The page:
The narrator of the tale is hardly so kind in his treatment of Yahweh. Indeed, he explicitly alleges conduct, of him which would be entirely appropriate to an enemy. Satan's exhortation to Yahweh to "Stretch out your hand now and touch all that he has!" (1:11)54 does, of course, have Yahweh for its grammatical subject. This admonition implies a potential enmity on Yahweh's part for he is certainly capable of such behavior or the admonition would be point- less. At the same time, however, the implication is present that Yahweh has not yet assumed this role.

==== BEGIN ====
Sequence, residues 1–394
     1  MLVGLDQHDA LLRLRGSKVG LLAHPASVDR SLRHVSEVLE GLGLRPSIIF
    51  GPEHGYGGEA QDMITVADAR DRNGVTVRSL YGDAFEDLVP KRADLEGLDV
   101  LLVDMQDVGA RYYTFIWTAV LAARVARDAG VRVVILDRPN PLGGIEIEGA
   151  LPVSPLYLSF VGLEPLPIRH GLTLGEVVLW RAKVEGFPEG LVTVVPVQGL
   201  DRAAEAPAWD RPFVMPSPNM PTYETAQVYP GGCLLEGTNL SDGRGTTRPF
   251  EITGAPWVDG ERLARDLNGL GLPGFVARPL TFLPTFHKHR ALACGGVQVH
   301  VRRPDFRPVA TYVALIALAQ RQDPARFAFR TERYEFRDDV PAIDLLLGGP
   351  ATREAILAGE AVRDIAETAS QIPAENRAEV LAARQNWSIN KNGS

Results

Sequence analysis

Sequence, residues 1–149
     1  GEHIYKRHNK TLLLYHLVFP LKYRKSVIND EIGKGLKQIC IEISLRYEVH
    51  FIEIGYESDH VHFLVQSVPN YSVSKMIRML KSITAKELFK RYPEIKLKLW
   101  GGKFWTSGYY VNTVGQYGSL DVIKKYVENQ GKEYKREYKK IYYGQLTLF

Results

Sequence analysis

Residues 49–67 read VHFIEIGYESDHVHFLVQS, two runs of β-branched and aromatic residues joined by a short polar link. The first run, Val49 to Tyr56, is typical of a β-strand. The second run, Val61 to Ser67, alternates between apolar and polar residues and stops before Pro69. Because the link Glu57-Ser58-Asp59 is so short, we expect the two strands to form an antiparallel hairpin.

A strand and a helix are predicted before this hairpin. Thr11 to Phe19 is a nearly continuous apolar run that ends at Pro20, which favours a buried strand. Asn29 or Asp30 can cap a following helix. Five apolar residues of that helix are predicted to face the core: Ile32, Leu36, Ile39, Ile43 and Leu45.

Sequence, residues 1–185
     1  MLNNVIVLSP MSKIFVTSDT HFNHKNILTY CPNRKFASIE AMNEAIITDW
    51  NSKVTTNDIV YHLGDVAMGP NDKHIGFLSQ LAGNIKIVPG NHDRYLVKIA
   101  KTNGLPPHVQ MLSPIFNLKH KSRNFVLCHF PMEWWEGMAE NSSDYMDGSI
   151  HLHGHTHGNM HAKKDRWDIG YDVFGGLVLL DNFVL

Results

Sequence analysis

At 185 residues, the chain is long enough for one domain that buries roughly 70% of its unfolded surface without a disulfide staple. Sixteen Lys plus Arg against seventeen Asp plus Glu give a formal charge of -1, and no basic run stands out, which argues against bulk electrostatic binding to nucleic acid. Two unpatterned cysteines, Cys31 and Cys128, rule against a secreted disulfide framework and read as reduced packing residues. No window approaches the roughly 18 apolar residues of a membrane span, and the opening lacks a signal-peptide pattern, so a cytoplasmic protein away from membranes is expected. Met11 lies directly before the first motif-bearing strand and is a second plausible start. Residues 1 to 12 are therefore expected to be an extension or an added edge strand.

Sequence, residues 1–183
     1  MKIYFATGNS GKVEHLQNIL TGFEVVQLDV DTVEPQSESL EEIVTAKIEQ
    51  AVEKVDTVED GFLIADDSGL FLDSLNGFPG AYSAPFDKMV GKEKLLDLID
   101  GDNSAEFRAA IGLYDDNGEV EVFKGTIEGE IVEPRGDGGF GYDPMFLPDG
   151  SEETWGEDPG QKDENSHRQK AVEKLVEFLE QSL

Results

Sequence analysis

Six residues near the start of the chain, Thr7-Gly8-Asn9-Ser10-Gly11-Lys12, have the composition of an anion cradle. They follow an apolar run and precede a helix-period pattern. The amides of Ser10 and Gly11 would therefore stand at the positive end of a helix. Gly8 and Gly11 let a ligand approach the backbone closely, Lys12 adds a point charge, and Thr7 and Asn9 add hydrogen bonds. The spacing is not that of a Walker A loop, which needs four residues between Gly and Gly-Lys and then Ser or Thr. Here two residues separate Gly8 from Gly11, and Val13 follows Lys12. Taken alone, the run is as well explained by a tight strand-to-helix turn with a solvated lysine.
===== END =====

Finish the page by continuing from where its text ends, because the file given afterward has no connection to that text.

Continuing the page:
More explicitly, the narrator portrays Yahweh confessing to Satan,
Have you considered my servant Job, that there is none like him on earth, a blameless and upright man, who fears God and turns away from evil? He still holds fast to his integrity, although you instigated me against him to destroy him without cause.
Certainly it is arguable that Satan is here presented as an enemy, but even when that possibility is granted Yahweh is not thereby absolved. A "devil made me do it" confession is inevitably disingenuous, and scandalously so when Yahweh voices it. One wonders if this is indeed the same inscru- table, unapproachable Yahweh found in the speeches of Job 38-41. There Yahweh is overwhelming; here, he appears sub- ject to the whim of Satan, one of the sons of God.